By trying hard to exemplify the nexus between the average people and their own government I would like to share with the readers ordinary stories from ordinary citizens.
Last week I visited the town of Jazira, the real one not the series of restaurants along the Lido Beach of Mogadishu. That was my very first time riding the rough roads from Mogadishu and seeing the Italian saline and coastal town of Jazira. My first impression was of total peace. There were no soldiers in uniform, no barriers of sands protecting from potential explosion, and no gunshots to disperse the jamming traffic. The white Mosque in the middle of the town seemed to be in perfect symmetry with the surrounding homes barely tightfitting on the major sways of the rocky terrain.
The beach was full of dried seaweed and several small fishing boats were anchored. In the middle of the turquoise-blue sea, the Sheikh Mohamed atoll with its little white mosque was standing toll and white as the ever-lasting witness of the town.
I went to visit Uluma, an 80 something years old lady who just lost her mum, she lived all her life there with her daughter and her grand and great-grand children. The Ashun, the mooye and the burjiko stood in their small area of the cooking area. Refreshment and a lunch of fish, vegetable and soor were offered. Nothing genetically modified. And at night there was always the sugary tea and ambulo with sesame oil. Life is simple here and it has been like that for centuries. The town got no hospital, no police station and one privately run school.
I asked myself what is the nexus between Ulumo’s family in Jazira town and the Federal Government of Somalia? Do they need a government at all? Is Ulumo’s family missing out anything?
Coming back to Mogadishu, I am awakened every dawn by the sounds of Fardousa’s pounding the cinnamon and gloves for her small tea shop on the corner of my home. She has been serving anyone coming or going from that road for the past 20 years except when the security is compromised. Fardousa has her family and her old mother at home waiting for her meager earnings so she closes her teashop by late afternoon to start again at the dawn everyday. Life is hard but apart from her small oven, a pack of charcoal, a dozen of tea glass cups and 2 buckets of water for the washing up she needs nothing else.
Again I raise the question whether there is a nexus between Fardousa and the Somali Federal Government? What impact if any such government has on her daily life?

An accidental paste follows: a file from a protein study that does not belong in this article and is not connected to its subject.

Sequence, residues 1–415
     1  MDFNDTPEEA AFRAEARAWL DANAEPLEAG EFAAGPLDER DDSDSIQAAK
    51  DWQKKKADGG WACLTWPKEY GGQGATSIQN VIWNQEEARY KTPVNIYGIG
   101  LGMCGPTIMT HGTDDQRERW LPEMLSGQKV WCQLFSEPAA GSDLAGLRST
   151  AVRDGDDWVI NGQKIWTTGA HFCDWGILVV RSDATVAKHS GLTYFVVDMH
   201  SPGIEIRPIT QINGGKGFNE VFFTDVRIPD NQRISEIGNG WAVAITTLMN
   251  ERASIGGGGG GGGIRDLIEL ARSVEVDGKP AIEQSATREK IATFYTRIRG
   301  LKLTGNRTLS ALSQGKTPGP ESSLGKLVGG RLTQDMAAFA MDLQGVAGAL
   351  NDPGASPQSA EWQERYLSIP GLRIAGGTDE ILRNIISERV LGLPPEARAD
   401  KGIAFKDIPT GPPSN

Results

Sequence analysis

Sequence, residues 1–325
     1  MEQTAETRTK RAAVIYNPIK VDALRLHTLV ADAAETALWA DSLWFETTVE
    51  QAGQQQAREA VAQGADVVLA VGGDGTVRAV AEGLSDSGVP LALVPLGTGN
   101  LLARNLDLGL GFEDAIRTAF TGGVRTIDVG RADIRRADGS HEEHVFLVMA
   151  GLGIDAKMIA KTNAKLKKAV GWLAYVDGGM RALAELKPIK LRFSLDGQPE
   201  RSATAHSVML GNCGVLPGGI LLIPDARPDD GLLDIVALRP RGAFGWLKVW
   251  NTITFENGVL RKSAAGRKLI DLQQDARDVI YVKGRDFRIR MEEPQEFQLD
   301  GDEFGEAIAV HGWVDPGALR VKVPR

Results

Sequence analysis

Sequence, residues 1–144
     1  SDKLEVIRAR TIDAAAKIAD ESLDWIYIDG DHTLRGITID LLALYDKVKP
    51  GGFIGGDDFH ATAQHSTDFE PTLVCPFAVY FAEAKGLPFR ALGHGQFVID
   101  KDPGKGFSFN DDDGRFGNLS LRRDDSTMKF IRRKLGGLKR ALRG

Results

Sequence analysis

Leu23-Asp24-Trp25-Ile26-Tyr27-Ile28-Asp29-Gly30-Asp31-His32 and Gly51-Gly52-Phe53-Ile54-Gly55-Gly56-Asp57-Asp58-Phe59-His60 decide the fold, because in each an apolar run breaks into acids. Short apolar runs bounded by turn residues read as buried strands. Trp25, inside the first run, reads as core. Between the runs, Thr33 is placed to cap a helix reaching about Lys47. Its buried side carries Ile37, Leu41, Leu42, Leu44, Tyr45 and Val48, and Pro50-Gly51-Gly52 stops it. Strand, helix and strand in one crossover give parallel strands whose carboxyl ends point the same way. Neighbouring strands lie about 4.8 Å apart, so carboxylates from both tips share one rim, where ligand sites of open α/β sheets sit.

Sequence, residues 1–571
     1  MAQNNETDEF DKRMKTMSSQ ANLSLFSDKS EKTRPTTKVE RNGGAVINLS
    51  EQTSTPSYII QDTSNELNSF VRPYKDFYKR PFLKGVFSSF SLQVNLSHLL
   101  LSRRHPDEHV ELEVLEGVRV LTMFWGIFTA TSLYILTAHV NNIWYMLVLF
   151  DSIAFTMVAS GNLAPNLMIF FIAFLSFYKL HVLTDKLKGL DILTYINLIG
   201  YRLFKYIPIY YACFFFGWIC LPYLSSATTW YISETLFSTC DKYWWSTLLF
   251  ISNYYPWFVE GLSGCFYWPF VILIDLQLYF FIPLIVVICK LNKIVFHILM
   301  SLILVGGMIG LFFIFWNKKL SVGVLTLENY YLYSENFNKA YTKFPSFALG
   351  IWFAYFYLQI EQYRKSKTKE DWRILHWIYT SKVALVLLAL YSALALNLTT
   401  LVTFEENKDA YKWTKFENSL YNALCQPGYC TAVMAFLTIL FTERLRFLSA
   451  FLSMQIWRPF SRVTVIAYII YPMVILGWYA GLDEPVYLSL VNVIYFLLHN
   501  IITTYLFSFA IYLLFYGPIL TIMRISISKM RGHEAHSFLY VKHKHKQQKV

My 3rd tale relates to Aw Maow, he works as a veteran car mechanic who had his glorious days as an expert of engine modification. He is now on his late 60’s and he needs to still earn to make a living for his family since pension benefit is out of question. I asked him whether he got an ID card that would enable him to pass through the checkpoints when coming to his work place. He answered that he has no a ‘governmental’ ID and that it is creating a real problem when he drives because he is an ordinary person with no connection with the government. However, he seemed quite happy to rather suffer the humiliation of being turned down at the checkpoints than being identified as a ‘government’s worker and risk his own life and limbs.
Is that right that ordinary people should dread any connection with their own government?
For those who can read between the lines, Mohamed’s account of his daily life may be a bittersweet pill to digest. He is a 23 years tuc-tuc driver who never had a formal education because his parents couldn’t afford it. While I loudly complain about my back suffering the nasty pumps of the rough road, he says joyfully that the next road will be better. I asked him whether he pays tax on his vehicle to the Mogadishu Municipally. He quickly made some calculation and offered a more comprehensive answer. If each tuc-tuc pays $15 per month of almost 20,000 tuc-tuc in Mogadishu, the Municipality would have an earning of $3,600.000 (three million six hundred) per year that could cover the road repairs.
At my strong criticism of this missed opportunity, Mohamed calmly reminded me that I could afford to criticize this government because I had information to compare to from the good old days before the civil war or when we had a functioning state. Apparently such memories don’t exist for his generation. He said ‘this is the best government so far with its corruption, political wrangling and lack of urban planning. At least there is a rough road and the tuc-tuc that allow us to earn a daily living.’
Every question that each story has raised leaves us to ponder and to be evaluated against the fundamental responsibilities of the government to serve and protect its citizens.
Ulumo, Fardousa, Aw Maow and Mohamed’s rights as citizens living under a legitimate government are far from being delivered. Their incredible resilience, their sense of self-initiation, their generosity, and their unbelievable survival skills are making their lives bearable even if their basic needs of security, food, health, education, employment and shelter, are almost nonexistent. As ordinary people, they do their daily business with little expectations from their government and without questioning about their entitlements. The never ending hope is: one-day security and social justice will be achieved.
The wanting point is this: how long before this government will be able to discharge its duties towards its own citizens and allow ordinary people who dread its politics and actions to have their rights and appropriate spaces.
Asha-Kin F Duale
Human Rights Lawyer